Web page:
The great thing about juggling is that it really rewards practice. There's always a new trick that is just within reach, but no matter how much you learn there's always something left to try.
posted by mbrubeck at 7:08 PM on November 17, 2017 [4 favorites]


> I'm just going to call bullshit on "learning" the sitar in 15 minutes.

I dunno. Figuring out the modal noodling part of playing an unfamiliar stringed instrument in 15 minutes, and then improvising little melodies, is something some people can do and other people can't. It's a fun party trick whether or not it's difficult because people are entertained by pleasant music.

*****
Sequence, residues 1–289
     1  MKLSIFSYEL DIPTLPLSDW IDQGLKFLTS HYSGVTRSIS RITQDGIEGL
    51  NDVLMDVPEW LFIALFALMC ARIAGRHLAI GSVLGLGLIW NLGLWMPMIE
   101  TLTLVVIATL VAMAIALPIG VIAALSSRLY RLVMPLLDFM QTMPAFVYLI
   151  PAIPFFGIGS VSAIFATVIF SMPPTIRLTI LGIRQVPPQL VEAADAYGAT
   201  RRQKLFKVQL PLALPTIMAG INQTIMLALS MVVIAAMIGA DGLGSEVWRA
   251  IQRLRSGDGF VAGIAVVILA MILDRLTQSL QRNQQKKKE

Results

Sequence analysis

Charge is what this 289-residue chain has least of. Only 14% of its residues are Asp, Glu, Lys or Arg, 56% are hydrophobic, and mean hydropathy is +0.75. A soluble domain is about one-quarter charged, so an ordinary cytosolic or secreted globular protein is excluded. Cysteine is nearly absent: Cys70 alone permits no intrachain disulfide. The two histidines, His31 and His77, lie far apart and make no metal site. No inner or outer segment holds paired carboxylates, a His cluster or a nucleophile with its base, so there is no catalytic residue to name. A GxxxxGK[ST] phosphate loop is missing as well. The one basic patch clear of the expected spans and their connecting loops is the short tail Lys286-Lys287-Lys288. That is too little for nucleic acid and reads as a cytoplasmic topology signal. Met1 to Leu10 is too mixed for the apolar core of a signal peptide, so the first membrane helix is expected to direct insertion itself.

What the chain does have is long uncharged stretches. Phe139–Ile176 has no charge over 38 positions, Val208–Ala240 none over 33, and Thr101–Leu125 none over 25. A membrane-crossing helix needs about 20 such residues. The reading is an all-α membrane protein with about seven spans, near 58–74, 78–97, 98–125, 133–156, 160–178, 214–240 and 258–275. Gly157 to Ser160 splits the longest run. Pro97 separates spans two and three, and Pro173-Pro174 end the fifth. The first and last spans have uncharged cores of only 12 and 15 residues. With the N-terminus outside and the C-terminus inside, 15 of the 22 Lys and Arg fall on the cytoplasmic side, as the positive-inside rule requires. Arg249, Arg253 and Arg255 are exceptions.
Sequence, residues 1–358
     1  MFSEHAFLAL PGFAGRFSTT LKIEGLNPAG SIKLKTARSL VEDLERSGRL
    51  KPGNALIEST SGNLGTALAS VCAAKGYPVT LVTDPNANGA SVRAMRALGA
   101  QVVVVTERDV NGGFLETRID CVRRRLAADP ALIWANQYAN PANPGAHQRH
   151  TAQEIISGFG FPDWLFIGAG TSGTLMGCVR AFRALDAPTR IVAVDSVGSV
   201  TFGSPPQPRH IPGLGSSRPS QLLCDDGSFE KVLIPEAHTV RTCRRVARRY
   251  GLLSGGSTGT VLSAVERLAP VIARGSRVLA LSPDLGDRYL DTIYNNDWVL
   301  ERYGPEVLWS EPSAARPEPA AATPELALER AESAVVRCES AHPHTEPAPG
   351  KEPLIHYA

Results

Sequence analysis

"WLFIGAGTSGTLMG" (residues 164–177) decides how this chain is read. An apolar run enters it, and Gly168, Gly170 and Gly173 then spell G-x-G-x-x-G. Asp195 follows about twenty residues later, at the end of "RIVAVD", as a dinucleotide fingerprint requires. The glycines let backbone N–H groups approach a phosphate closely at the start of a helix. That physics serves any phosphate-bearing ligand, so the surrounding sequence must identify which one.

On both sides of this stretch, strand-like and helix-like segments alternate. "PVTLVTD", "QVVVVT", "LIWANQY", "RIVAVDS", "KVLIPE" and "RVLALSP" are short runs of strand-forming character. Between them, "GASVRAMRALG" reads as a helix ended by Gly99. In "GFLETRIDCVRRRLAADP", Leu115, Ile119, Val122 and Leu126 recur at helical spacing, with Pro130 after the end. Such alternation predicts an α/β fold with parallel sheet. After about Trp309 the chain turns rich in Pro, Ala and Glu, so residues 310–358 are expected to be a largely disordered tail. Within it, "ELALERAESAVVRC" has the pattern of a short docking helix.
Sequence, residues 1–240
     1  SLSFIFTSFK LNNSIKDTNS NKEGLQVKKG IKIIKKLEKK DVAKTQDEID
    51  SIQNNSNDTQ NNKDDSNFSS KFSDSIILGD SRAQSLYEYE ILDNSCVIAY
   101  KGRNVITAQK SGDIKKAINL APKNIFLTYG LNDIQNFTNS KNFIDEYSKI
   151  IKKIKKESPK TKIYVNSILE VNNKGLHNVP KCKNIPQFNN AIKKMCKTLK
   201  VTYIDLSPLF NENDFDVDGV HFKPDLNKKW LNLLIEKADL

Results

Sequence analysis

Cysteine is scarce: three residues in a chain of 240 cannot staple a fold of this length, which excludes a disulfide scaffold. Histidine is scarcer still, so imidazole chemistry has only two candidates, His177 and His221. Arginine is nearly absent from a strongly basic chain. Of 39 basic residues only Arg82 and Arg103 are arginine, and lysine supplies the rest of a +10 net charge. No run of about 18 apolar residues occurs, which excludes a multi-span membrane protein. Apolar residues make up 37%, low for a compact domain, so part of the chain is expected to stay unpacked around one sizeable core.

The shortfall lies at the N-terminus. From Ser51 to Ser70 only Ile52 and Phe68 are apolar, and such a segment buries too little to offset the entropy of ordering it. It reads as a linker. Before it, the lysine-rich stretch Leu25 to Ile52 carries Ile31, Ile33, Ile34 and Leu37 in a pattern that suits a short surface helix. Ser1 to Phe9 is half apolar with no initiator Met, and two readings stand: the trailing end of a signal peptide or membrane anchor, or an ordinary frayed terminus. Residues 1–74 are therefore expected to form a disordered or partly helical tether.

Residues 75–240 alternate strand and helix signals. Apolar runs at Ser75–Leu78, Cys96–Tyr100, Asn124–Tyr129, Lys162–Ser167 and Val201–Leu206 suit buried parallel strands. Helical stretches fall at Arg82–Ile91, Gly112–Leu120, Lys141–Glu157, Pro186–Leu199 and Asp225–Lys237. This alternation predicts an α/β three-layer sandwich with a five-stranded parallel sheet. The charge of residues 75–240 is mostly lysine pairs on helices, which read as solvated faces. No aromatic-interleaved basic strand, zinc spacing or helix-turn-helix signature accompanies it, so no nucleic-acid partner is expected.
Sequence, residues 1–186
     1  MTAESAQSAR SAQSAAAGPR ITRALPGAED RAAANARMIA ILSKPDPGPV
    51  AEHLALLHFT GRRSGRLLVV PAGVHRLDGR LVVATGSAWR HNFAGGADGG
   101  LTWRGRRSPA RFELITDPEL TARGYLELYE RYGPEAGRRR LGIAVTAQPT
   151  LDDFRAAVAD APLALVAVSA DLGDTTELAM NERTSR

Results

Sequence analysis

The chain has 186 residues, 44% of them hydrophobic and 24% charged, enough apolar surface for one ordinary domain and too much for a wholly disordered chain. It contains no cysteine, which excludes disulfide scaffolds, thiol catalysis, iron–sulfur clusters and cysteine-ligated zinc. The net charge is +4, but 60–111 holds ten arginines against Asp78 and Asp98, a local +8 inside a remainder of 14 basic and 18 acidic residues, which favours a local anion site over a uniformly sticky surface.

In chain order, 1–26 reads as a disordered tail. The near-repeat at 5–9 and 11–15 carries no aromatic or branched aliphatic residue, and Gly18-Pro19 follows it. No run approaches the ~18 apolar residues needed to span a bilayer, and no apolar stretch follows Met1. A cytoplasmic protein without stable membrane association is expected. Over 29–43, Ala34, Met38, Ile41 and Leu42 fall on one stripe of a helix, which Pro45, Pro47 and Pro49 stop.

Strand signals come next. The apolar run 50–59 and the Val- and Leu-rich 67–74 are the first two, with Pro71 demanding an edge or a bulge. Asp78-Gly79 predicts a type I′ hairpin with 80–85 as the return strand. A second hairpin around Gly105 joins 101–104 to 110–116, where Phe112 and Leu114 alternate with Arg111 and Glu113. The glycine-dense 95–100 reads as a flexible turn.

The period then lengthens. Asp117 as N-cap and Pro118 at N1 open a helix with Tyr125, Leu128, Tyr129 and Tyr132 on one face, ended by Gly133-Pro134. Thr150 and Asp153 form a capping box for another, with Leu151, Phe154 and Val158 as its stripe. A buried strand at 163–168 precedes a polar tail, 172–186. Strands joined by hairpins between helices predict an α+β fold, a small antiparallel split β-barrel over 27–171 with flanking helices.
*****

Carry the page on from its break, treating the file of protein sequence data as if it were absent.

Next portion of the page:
Playing a raga from scratch, on the other hand, would be pretty unlikely.
posted by ardgedee at 7:15 PM on November 17, 2017 [1 favorite]


I like this circumscribed approach. I feel like long-term goals like "learn an instrument" or "write a book" are difficult because there is (at least in my brain) an unspoken addendum that to finish these things, you must be able to perform them competently. But for so many creative activities, there's no end to the new things you'll still be bad at since you've developed new critical faculties.
These set goals instead suggest that you should learn -just enough- to accomplish some aim (arbitrary or not). And you can then build on that.
posted by solarion at 7:16 PM on November 17, 2017 [4 favorites]


I love challenges like these, quests of "I am gonna do this thing for X days even though I know not much of it!". I've attempted this in the past though I have noticed that documentation is the most boring part.
posted by divabat at 9:47 PM on November 17, 2017